The U.S. House of Representatives’ Ways and Means Committee recently released proposed revisions to the Internal Revenue Code that will dramatically affect the taxation of pass-through entities and their investors.
There are some important questions that the proposal does not answer, and it almost certainly will go through some changes before it ever comes to a vote in the House or Senate. But there are some points worth considering, because this proposal sets the stage for broader tax reform efforts.
Key Provision of Proposed Tax Reforms
Here is a rundown of some key points:
Tax accounting methods – The cash method of accounting would not be available to pass-through entities with more than $10 million of annual gross receipts (average of three prior years). Even pass-through entities that don’t hold inventories will be required to convert to the accrual method of accounting. Professional service corporations (law, health, etc.) also would be required to adopt the accrual method of accounting, unless they fall below the average annual gross receipts test.
Due dates for tax returns – Partnership and LLC returns will be due within 2 ½ months of the close of the tax year (March 15 for companies with a calendar year-end). S Corporation returns will be due within three months (March 31 for calendar year-end), and C Corporation returns will be due within 3 ½ months (April 15). All are eligible for a six-month extension. This is generally a favorable provision.
S Corporations – The built-in gains tax recognition period for C Corporations now taxed as S Corporations will be permanently set at five years. The threshold for applying the “sting tax” moves from 25 percent net passive investment income to 60 percent, and it will no longer result in the revocation of S status. ESBT shareholders will include non-resident alien beneficiaries. For donations of appreciated property to charity, the basis of a shareholder’s stock is reduced only by the amount of the adjusted cost basis of the appreciated asset. S elections can be made on or before the due date of the return, including extensions, which allows for more hindsight. In general, these are all favorable provisions.
Guaranteed payments – In general, the treatment of guaranteed payments under current law will be repealed. These payments are common in partnerships and LLCs that have owners who are also service providers. In essence, these are salary payments to the owners – deductible by the payer and includable in the income of the recipient owner. Such payments under the proposal would be treated as distributions.
This would not be a favorable change for many of our clients. It would necessitate revisions to the partnership and operating agreements of any companies that are affected.
Payments to retiring and deceased partners – The tax treatment would resemble the purchase of assets used in a trade or business typically encountered today in asset purchase and sale agreements. Payments for goodwill would be mandatorily amortizable and result in ordinary income to the recipient. Payments of deferred compensation would be deductible when includable in the income of the recipient. This is generally a simplification of current tax law. It is not clear if open transactions at end of 2013 will be “grandfathered.”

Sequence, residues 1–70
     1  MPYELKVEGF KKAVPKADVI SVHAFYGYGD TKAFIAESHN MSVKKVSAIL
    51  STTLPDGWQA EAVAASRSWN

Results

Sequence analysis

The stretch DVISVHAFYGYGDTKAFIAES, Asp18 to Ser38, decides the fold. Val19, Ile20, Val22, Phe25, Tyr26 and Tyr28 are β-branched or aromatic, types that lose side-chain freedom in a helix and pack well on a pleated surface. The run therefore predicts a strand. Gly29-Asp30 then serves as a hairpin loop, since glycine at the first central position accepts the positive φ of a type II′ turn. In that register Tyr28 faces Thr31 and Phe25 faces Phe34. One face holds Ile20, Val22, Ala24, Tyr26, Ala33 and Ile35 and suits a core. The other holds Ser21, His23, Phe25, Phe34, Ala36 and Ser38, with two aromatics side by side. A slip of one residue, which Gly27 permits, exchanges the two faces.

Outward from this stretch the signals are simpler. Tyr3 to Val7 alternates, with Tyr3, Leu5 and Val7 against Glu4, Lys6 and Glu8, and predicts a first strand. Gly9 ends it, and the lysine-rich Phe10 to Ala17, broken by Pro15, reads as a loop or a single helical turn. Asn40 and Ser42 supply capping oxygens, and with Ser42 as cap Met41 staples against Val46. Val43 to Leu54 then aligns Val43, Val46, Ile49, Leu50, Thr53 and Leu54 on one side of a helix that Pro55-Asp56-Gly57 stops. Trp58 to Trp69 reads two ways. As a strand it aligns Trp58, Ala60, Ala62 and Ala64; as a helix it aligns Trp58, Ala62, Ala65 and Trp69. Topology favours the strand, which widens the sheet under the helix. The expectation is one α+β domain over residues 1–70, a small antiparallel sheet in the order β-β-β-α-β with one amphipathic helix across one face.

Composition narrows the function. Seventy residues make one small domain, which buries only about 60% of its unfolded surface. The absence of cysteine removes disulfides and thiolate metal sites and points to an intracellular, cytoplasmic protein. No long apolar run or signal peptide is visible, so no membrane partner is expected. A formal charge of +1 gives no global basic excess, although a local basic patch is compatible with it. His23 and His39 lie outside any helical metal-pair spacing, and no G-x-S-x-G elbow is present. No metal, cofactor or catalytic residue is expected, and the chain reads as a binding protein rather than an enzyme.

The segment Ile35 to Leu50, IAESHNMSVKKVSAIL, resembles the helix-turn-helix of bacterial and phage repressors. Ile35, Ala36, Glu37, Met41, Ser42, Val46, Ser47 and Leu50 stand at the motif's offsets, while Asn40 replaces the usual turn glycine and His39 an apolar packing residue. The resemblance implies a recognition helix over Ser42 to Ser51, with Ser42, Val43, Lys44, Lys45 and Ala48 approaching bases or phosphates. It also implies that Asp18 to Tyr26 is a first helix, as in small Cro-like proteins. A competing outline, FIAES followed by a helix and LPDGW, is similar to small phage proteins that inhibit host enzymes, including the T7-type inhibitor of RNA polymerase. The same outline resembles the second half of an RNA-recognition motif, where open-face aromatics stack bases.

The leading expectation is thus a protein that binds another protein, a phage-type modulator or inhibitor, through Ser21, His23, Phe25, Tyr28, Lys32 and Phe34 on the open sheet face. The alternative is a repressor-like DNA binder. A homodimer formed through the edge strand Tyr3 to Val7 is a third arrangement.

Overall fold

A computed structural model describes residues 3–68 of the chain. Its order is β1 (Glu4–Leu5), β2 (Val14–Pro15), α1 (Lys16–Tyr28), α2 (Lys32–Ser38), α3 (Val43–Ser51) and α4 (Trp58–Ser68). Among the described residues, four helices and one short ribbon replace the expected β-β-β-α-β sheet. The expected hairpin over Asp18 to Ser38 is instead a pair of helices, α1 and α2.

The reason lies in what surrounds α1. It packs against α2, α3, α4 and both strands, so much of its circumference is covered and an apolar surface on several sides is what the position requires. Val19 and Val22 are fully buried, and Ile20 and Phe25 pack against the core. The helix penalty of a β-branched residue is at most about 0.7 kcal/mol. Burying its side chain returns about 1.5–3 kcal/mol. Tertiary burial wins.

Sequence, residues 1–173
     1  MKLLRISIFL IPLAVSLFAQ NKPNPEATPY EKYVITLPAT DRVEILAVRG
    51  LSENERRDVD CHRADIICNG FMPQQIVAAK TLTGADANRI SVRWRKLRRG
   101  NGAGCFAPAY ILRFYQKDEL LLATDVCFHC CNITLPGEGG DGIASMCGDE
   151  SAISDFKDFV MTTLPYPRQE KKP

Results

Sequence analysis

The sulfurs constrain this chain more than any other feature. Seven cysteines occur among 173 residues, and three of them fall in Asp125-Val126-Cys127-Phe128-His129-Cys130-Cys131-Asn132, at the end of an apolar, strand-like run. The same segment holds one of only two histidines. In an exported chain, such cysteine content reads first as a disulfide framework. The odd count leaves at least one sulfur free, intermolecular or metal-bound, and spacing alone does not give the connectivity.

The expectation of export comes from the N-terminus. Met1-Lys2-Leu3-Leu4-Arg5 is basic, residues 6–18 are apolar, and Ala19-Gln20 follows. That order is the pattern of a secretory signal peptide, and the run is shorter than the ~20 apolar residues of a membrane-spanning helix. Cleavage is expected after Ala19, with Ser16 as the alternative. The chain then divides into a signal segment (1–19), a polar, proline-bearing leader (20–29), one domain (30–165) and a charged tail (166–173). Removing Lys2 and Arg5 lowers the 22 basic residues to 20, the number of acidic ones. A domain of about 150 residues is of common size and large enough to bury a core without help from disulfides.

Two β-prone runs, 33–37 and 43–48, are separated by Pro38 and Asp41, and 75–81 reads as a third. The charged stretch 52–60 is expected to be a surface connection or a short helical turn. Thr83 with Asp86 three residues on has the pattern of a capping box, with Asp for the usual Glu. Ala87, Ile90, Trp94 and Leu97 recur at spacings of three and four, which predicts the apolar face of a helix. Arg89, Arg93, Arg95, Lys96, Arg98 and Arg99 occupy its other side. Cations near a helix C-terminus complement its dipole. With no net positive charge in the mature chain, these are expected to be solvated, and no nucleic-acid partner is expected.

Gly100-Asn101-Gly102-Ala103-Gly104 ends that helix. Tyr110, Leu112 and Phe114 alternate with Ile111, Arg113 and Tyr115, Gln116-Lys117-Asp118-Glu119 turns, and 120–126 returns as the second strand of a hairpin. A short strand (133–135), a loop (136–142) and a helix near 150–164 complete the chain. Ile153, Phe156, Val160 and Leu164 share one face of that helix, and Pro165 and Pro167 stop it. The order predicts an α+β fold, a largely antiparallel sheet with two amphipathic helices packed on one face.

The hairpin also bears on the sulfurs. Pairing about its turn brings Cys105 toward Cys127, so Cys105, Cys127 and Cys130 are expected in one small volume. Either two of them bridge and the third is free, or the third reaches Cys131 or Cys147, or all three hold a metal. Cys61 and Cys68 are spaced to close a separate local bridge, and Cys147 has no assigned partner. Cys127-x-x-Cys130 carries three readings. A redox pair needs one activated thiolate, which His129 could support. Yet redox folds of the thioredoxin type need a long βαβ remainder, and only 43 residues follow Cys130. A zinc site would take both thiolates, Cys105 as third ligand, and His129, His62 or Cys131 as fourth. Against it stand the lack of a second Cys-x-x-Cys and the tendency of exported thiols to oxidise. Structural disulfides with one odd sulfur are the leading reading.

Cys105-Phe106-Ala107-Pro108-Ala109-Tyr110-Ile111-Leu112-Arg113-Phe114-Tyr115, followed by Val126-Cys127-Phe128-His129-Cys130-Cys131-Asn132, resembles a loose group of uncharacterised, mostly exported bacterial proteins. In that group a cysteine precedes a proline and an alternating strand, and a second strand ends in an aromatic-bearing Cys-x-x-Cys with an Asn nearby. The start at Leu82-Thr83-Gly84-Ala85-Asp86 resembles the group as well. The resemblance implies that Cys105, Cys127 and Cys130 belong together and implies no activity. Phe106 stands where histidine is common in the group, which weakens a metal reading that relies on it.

Partnerships/LLCs – Transferring interest would require an adjustment to the basis of the company’s assets; current law requires a step-down in basis only in certain instances and a step-up only when elected. When a member redeems interest, it would require a mandatory adjustment to the basis of undistributed property. Generally, both provisions will add complexity.
Treating partnerships/LLCs and S Corporations the same – Partnerships/LLCs and S Corporations would be governed by the same tax provisions – provisions that vary widely under current law. Transition rules will be complicated.
A withholding tax at the entity level is provided for on the owner’s distributive share of taxable income. The tax rate has not been specified, but separate rates will be applied to different character of taxable income in the distributive share. The withheld tax is considered an item passed through to the owner for use on its tax return. It isn’t clear if this withholding occurs annually or throughout the year.
The withholding provision is a trap for the unwary and is designed to better ensure that the government is paid taxes on distributive shares of taxable income in a timely manner. It resembles the system currently in place by states for the taxation of non-resident owners. This tax will not replace the withholding requirements currently in place for non-U.S. resident owners of U.S. property.
Distributive share is determined as it is under current law. Distributions follow the owner’s economic interest in the entity. The effect of this is to move away from the single class of stock in an S Corporation to a broader and more flexible capital structure found today in LLCs and partnerships.
Contributions of appreciated property by an owner to an S Corporation will follow today’s partnership tax rules; they are generally deferrable. Distributions of appreciated property will follow today’s S Corporation rules; they are generally taxable. Sales of ownership interests and the character of that gain on sale will follow today’s partnership tax law; this is generally unfavorable to current S Corporations. An owner’s basis will include a share of the entity’s liabilities, as is the case under today’s partnership tax law; the “at risk” rules are not modified.